United States District Court, D. Nevada
R. HICKS UNITED STATES DISTRICT JUDGE
counseled habeas matter under 28 U.S.C. § 2254 is before
the court on respondents' motion to dismiss petitioner
Devell Moore's third-amended petition (ECF No. 33). Moore
opposed (ECF No. 35), and respondents replied (ECF No. 37).
Procedural History and Background
November 5, 2009, a jury found Moore guilty of counts 1-3:
sexual assault of a minor under age 14; and count 5: lewdness
with a child under age 14 (exhibit 13). The state
district court sentenced him as follows: counts 1-3 - three
consecutive terms of life with the possibility of parole
after 35 years; count 5 - life with the possibility of parole
after 10 years, to run concurrently with counts 1-3. Exh. 14.
Judgment of conviction was entered on February 3, 2010. Exh.
Nevada Supreme Court affirmed Moore's convictions on June
8, 2011, and remittitur issued on July 5, 2011. Exhs. 21, 22.
14, 2013, the Nevada Supreme Court affirmed the denial of
Moore's state postconviction petition. Exh. 27. That
court denied a motion for rehearing on July 9, 2013, and
remittitur issued on August 5, 2013. Exhs. 29, 31.
19, 2013, Moore dispatched his federal habeas petition for
filing (ECF No. 6). Ultimately, this court appointed the
Federal Public Defender as counsel for Moore. Respondents now
argue that claims in the third-amended petition do not relate
back to any timely-filed earlier petition and that some
claims are unexhausted (ECF No. 33).
Legal Standards & Analysis
argue that grounds 1 and 2 of the third-amended petition do
not relate back to a timely-filed petition and should thus be
dismissed as untimely (ECF No. 33, pp. 5-6). A new claim in
an amended petition that is filed after the expiration of the
Antiterrorism and Effective Death Penalty Act
(“AEDPA”) one-year limitation period will be
timely only if the new claim relates back to a claim in a
timely-filed pleading under Rule 15(c) of the Federal Rules
of Civil Procedure, on the basis that the claim arises out of
“the same conduct, transaction or occurrence” as
a claim in the timely pleading. Mayle v. Felix, 545
U.S. 644 (2005). In Mayle, the United States Supreme
Court held that habeas claims in an amended petition do not
arise out of “the same conduct, transaction or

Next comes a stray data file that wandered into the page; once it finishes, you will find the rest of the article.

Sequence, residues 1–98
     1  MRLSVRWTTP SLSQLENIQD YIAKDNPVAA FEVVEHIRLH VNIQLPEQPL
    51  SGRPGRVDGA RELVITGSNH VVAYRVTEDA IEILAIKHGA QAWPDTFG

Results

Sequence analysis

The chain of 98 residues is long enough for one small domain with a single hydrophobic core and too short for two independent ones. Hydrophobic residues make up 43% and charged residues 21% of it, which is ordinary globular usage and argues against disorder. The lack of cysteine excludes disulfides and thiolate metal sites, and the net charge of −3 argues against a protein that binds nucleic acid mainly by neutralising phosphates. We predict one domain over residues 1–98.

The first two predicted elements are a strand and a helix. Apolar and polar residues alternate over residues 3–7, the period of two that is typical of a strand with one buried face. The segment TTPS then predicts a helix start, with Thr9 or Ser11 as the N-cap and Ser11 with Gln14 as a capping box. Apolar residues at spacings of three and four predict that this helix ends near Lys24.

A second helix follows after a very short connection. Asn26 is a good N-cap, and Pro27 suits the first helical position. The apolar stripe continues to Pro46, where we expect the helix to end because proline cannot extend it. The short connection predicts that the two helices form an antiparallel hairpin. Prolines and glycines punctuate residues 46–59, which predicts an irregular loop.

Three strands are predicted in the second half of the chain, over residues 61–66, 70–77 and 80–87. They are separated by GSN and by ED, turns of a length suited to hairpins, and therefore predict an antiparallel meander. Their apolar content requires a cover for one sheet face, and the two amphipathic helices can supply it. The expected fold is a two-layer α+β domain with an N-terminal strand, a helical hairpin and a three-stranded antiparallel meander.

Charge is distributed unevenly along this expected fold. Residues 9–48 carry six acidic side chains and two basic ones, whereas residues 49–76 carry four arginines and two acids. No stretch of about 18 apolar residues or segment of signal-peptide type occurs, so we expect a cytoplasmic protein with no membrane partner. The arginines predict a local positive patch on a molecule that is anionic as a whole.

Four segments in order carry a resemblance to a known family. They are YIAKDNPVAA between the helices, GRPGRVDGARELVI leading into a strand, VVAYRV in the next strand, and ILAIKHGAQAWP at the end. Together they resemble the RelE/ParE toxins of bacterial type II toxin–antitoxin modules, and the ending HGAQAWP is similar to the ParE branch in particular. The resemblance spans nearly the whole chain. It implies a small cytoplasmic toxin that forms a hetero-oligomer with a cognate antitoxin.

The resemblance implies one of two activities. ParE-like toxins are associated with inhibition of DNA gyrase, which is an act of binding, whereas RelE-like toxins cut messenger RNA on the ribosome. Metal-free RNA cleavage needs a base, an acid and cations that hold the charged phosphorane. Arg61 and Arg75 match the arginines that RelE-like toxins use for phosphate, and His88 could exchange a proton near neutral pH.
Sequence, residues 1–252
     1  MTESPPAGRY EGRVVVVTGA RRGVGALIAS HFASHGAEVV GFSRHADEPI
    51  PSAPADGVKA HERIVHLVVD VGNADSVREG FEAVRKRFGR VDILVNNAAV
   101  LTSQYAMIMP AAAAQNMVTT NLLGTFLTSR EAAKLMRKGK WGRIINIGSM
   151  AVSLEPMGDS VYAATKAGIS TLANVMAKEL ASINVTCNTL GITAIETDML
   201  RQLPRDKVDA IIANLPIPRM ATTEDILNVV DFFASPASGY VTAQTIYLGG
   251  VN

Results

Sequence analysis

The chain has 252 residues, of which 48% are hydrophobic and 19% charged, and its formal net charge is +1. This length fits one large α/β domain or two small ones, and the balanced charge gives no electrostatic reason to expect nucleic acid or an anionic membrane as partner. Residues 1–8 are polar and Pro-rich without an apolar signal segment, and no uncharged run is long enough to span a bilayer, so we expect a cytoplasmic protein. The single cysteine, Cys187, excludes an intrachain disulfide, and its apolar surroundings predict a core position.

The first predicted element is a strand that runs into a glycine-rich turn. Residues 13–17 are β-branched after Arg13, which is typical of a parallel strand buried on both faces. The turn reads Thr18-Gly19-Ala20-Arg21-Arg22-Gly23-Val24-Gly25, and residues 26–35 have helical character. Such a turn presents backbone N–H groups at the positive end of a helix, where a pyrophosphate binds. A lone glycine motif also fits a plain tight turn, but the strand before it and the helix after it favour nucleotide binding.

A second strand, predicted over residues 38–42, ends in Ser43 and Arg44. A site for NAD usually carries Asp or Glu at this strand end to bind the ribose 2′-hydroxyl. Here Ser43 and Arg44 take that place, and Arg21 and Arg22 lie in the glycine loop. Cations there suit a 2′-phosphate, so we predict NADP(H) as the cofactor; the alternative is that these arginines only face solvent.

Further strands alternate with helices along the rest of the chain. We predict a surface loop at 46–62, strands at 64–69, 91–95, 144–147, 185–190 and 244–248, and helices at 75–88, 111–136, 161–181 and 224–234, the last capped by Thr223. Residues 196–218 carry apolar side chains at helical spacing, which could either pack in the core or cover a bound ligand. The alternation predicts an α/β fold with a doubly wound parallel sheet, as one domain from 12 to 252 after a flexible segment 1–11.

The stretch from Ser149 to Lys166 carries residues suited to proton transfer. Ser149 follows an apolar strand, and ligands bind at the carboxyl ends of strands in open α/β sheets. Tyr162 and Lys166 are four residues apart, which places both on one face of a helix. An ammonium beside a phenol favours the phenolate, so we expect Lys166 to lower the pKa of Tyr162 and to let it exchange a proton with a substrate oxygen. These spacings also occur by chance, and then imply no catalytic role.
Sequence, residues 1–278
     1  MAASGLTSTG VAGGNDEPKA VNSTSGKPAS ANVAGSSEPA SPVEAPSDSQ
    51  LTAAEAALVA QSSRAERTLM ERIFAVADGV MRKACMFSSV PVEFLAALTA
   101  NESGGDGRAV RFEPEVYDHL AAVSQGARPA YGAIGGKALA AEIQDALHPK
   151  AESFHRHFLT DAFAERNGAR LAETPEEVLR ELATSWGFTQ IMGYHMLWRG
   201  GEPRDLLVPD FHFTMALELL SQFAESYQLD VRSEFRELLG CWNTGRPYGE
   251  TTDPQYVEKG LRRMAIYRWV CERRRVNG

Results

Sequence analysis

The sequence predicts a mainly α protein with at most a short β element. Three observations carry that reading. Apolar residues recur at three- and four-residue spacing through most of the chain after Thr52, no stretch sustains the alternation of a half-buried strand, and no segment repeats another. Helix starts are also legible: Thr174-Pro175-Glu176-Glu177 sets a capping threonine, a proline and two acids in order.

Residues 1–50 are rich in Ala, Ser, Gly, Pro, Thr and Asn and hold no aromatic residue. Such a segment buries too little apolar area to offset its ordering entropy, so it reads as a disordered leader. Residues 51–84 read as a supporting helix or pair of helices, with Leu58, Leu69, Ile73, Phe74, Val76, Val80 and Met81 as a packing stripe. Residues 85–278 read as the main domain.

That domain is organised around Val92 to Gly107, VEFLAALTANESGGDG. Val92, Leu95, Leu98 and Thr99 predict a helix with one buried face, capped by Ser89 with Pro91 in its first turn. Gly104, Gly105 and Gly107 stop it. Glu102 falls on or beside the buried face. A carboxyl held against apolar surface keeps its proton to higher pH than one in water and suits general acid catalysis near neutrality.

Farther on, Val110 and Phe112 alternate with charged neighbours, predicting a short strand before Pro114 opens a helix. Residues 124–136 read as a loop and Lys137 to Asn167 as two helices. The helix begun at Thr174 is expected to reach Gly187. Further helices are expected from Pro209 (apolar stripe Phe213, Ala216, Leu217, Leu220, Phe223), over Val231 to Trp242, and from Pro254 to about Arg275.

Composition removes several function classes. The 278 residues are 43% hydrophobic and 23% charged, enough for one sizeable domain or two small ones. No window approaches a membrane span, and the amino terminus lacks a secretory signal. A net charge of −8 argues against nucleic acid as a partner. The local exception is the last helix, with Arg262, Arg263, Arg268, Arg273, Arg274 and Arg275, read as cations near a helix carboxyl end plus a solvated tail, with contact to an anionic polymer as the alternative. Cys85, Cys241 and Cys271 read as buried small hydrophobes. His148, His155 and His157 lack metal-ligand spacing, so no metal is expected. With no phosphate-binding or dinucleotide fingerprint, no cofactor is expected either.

occurrence” as claims in the original petition merely
because the claims all challenge the same trial, conviction
or sentence. 545 U.S. at 655-64. Rather, under the
construction of the rule approved in Mayle, Rule
15(c) permits relation back of habeas claims asserted in an
amended petition “only when the claims added by
amendment arise from the same core facts as the timely filed
claims, and not when the new claims depend upon events
separate in ‘both time and type' from the
originally raised episodes.” 545 U.S. at 657. In this
regard, the reviewing court looks to “the existence of
a common ‘core of operative facts' uniting the
original and newly asserted claims.” A claim that
merely adds “a new legal theory tied to the same
operative facts as those initially alleged” will relate
back and be timely. 545 U.S. at 659 and n.5; Ha Van
Nguyen v. Curry, 736 F.3d 1287, 1297 (9th
Moore dispatched his federal habeas petition for filing on
July 19, 2013 (ECF No. 7, p. 1). The parties do not dispute
that the AEDPA one-year statute of limitations expired on
February 4, 2014.
this court dismissed Moore's petition without prejudice
and with leave to file an amended petition within thirty days
(ECF No. 6). Moore complied with this court's order and
filed an amended petition on June 3, 2014 (ECF No. 9).
Contemporaneously, Moore filed a motion for appointment of
counsel as well as the affidavit of another inmate, Anthony
Thomas (ECF Nos. 8, 10). Thomas attested that he had prepared
the amended habeas petition and the affidavit (ECF No. 10).
He stated that Moore suffers from “prevalent”
mental health defects and cannot read and write sufficiently
to proceed in pro se. Id. This court
granted the motion for appointment of counsel, and Moore
filed a counseled second and now a third-amended petition.
The claims in the third-amended petition must relate back to
Moore's original pro se petition in order to be
third-amended petition, Moore claims the trial court erred in
denying his request to exclude his taped confession because
he failed to explicitly waive his Miranda rights and
the circumstances of the in-custody interview overall
rendered his statement involuntary in violation of his Fifth
and Fourteenth Amendment rights (ECF No. 32, pp. 12-14;
Miranda v. Arizona, 384 U.S. 436 (1979)). Moore
contends that, while he was read his Miranda rights
and acknowledged he understood the rights during the
custodial interrogation, he never ...